‘Those waiting for a small Land Rover should buy a Renault 4 instead’

With no sign of the promised small Land Rover, Mike Rutherford thinks the Renault 4 is the perfect alternative

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There was no shortage of intrigue, anarchy and mayhem in mid-October 2022. First, the intriguing bit. For years Jaguar Land Rover has acknowledged it needs a baby Land Rover. Think 2WD at less than £30k, and possibly a 4WD version at nearer £40k. Either way, it must be raised, rugged and with a chunky, tank-like body protecting it and its mostly young urbanite occupants.

Good news: such a vehicle made its world debut at the Paris Motor Show, where it was the star.

Bad news: sadly, it had zilch to do with JLR. However, those who’ve been prevented from buying the overdue little Landie they crave can soon order the all-new Renault 4 instead. At or below £30k, it comes with a pure-electric motor, not one of those old-school petrol or diesel lumps.

An added twist here is that before being installed in the top job at JLR, Thierry Bolloré lost his job as CEO of Renault. Time for him to approach his former employer to cheekily ask if it will kindly, under licence, produce a few Renault 4s in British racing green, and wearing subtle Land Rover badges? Alternatively, the French firm could simply upstage JLR by selling limited-edition Range Raver versions of its imminent Renault 4, I’d argue.

Another argument I’d like to have is with those road-blocking anarchists ordering others to stop using oil, while they waste the stuff. After climbing onto and forcing the closure of the M25/Dartford Crossing (one of Europe’s busiest) for days this October, countless vehicles had no choice but to burn untold thousands of gallons as they queued or took high-mileage diversions. Result? Massive and wholly avoidable increases in fuel consumption, running costs and pollution levels.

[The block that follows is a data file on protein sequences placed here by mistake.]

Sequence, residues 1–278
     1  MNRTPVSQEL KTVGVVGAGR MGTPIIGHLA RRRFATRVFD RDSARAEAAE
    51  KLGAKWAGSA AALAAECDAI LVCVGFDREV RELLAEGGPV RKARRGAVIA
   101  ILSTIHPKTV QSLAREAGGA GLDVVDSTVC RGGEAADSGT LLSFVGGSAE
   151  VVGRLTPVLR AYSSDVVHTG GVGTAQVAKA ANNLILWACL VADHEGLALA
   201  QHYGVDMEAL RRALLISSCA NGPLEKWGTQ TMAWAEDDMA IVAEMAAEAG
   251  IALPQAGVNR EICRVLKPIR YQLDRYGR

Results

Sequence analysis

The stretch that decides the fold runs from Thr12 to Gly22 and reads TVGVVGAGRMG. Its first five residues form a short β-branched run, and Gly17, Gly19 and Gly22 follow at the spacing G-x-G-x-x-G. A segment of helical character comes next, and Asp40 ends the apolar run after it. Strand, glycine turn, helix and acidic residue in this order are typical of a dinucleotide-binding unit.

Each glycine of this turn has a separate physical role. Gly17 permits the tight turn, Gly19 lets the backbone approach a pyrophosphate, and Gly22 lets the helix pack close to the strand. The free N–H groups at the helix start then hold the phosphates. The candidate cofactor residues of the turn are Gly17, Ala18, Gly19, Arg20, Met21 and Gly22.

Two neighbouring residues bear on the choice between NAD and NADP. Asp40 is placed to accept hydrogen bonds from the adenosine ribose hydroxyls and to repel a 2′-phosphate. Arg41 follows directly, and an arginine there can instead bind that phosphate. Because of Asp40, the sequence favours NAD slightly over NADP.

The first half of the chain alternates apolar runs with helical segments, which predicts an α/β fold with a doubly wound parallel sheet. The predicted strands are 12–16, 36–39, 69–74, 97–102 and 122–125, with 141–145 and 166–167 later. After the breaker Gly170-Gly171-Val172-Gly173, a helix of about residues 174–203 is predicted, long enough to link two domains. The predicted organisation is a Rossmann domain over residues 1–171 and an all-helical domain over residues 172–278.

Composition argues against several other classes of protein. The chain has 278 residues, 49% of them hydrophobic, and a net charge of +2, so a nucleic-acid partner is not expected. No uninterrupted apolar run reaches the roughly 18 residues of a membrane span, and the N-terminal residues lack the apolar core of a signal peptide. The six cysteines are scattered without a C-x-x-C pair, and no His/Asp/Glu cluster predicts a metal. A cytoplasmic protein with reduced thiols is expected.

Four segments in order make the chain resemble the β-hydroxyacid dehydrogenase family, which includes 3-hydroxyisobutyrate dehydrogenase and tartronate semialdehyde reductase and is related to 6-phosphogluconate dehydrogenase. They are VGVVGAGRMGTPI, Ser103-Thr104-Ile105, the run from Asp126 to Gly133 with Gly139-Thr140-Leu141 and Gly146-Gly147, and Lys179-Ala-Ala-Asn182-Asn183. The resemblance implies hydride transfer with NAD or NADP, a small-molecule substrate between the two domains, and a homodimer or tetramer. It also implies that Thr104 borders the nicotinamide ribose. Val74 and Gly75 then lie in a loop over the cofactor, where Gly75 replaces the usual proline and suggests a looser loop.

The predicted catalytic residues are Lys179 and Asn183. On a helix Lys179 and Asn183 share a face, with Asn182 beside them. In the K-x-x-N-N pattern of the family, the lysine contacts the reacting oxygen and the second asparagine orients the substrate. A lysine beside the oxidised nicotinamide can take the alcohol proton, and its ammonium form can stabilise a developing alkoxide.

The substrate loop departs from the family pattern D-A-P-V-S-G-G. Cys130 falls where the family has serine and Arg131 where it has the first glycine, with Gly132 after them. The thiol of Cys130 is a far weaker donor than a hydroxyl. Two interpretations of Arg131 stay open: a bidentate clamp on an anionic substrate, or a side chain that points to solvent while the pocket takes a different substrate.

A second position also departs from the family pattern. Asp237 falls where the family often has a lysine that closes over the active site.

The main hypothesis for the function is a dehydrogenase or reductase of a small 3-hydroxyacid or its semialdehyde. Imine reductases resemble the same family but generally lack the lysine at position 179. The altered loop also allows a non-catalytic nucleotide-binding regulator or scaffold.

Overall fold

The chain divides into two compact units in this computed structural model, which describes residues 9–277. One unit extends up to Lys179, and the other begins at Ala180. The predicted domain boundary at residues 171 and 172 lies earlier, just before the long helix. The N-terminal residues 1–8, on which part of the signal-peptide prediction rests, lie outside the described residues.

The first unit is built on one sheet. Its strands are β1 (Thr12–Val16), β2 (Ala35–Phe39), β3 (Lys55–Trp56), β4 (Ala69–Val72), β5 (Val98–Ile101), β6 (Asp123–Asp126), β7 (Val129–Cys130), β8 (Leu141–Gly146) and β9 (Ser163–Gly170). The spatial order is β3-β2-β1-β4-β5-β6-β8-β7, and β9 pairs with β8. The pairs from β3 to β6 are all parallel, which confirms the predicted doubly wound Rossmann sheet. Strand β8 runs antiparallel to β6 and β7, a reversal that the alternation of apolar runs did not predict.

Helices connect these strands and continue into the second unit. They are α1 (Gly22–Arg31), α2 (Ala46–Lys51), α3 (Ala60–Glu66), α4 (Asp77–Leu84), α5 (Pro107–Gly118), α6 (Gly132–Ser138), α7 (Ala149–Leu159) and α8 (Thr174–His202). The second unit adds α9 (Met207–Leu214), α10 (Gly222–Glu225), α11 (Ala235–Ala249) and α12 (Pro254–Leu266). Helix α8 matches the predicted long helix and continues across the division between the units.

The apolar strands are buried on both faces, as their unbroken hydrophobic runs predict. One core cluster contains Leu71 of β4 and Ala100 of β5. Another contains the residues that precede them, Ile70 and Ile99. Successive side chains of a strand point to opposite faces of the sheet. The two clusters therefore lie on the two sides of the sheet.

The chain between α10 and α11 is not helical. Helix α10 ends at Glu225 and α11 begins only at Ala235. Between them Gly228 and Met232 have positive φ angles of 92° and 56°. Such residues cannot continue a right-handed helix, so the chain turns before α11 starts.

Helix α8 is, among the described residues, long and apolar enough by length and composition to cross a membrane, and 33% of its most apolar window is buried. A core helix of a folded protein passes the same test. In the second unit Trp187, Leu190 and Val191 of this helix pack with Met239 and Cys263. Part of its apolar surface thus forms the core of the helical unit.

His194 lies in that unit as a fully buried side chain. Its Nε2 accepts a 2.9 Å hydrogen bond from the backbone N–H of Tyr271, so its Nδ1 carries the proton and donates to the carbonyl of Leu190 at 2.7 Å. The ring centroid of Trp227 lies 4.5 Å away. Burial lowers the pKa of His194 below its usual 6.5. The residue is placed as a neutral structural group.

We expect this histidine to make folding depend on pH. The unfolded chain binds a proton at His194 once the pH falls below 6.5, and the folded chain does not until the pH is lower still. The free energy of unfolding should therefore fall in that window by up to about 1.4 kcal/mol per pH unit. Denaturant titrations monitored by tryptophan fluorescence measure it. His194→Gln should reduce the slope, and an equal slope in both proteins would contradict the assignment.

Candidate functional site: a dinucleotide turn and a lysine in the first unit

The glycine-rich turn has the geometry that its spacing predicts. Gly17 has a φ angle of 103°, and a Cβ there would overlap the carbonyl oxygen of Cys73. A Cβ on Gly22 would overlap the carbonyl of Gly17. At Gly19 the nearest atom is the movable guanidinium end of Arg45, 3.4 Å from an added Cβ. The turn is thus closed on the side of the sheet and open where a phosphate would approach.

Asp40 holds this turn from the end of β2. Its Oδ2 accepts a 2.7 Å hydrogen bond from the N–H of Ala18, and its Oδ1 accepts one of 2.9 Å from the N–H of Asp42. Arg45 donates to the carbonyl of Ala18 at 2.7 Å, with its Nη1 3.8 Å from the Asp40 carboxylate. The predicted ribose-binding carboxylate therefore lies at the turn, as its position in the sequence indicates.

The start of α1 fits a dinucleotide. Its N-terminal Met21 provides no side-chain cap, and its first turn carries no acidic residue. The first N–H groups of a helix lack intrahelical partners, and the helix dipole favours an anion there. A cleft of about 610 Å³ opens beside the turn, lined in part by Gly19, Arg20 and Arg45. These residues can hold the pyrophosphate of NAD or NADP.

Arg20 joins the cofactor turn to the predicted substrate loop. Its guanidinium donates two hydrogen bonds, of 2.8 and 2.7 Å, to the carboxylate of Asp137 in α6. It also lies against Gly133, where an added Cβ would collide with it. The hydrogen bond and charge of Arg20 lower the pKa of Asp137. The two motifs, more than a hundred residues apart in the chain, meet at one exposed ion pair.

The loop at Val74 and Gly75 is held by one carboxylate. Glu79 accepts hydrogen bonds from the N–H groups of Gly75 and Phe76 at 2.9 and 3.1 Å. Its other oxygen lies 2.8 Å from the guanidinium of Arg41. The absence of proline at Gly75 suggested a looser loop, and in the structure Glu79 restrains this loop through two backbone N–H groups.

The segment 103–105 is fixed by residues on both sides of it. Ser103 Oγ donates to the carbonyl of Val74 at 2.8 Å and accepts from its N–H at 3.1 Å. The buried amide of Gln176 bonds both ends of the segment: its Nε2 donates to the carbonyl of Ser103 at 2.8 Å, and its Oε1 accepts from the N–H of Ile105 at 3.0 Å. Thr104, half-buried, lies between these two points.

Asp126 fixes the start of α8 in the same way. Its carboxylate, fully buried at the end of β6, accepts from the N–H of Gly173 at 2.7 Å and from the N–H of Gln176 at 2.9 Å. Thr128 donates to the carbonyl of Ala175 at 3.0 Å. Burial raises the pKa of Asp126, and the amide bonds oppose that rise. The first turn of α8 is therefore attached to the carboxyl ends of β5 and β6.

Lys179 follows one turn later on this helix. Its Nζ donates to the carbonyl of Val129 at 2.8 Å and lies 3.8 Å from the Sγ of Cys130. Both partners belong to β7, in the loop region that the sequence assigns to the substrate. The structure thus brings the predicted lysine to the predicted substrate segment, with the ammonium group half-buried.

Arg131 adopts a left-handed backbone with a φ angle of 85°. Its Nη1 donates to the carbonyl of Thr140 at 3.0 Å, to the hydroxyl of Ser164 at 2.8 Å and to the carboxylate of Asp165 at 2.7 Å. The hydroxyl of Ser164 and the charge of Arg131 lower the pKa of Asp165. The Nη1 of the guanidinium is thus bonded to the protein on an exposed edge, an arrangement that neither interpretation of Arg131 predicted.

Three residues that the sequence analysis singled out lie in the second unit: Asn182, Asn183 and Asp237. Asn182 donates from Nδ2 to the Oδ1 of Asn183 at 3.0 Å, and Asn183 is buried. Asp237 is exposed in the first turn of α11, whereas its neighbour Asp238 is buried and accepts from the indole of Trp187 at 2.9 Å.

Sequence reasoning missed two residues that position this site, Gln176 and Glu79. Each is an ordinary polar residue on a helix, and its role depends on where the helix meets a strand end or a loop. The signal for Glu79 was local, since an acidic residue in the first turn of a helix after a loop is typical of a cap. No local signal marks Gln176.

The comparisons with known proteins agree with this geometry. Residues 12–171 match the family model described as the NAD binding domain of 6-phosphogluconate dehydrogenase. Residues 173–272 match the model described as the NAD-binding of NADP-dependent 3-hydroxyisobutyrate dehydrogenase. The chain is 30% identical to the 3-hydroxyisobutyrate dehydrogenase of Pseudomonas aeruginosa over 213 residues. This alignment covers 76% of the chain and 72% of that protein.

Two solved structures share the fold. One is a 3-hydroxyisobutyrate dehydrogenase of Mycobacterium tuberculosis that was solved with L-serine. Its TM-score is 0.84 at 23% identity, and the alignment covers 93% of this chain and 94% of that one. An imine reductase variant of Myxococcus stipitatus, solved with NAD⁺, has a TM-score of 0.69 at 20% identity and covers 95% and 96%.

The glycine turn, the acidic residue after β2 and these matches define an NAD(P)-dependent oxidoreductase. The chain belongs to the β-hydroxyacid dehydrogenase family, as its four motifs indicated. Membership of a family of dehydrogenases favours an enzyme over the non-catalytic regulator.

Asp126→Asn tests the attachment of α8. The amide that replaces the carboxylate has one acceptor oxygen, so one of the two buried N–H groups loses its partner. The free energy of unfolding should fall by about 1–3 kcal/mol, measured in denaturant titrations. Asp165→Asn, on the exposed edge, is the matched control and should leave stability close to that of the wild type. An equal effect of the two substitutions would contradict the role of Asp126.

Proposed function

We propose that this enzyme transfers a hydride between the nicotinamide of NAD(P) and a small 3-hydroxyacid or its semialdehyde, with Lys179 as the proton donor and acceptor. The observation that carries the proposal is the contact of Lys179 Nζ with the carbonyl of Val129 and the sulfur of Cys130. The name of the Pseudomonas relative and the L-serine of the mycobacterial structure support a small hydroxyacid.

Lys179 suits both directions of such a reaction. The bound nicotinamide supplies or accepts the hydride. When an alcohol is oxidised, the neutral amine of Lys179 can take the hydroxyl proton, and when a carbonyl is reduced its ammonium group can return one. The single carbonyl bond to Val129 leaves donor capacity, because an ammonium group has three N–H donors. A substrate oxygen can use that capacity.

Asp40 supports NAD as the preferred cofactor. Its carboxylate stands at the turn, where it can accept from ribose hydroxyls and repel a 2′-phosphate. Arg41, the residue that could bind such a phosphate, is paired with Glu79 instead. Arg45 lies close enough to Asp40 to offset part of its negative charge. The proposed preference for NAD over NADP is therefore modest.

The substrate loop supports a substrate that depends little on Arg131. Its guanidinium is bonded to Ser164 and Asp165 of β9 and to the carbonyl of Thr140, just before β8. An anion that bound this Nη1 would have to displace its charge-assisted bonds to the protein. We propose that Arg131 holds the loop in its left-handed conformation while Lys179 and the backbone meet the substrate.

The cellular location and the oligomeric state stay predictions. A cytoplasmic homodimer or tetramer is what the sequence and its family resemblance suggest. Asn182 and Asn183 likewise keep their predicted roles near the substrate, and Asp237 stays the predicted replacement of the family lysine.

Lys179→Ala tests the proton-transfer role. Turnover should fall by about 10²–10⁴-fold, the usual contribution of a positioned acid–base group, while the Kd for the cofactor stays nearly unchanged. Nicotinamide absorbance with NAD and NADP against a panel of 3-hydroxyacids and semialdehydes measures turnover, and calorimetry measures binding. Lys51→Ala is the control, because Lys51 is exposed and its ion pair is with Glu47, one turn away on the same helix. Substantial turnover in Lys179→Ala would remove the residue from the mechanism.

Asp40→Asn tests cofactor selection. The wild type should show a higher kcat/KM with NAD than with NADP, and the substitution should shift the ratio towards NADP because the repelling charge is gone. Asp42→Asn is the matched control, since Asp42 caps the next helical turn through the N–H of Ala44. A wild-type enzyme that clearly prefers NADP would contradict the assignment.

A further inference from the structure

Anarchist-in-chief at Dartford was Morgan Trowland, who presumably flew to Britain from his native New Zealand aboard a jet, before travelling to the road traffic-only bridge by traditional bus, coach, truck or car. Then when he needed rescuing from his perch because his escape ropes were too short, he relied on more diesel or petrol vehicles. I suggest he’s invoiced by car drivers, trucking firms and the Dartford Crossing operator for losses incurred. Then after he’s been dragged through the courts and forced to pay up, might a ticket back to NZ linked to a lifetime ban on entering Britain be appropriate?

As for the mayhem: hours before she quit as Home Secretary, Suella Braverman totally lost it by bizarrely blaming opposition political parties and “the Guardian-reading, tofu-eating wokerati” for road disruption. Hours later her replacement was named as Grant Shapps, the bloke not good enough and rightly fired as Transport Secretary.

Meanwhile, Liz Truss claimed that as Prime Minster she was “prepared to look at” scrapping motorway speed limits. But she never did and now never will. During her six weeks as PM she performed so many emergency stops, U-turns and near misses, that she eventually crashed and burned. Thankfully, coinciding with her departure is the death of her daft and unworkable idea of a possible ‘drive as fast as you like’ rule for motorists.

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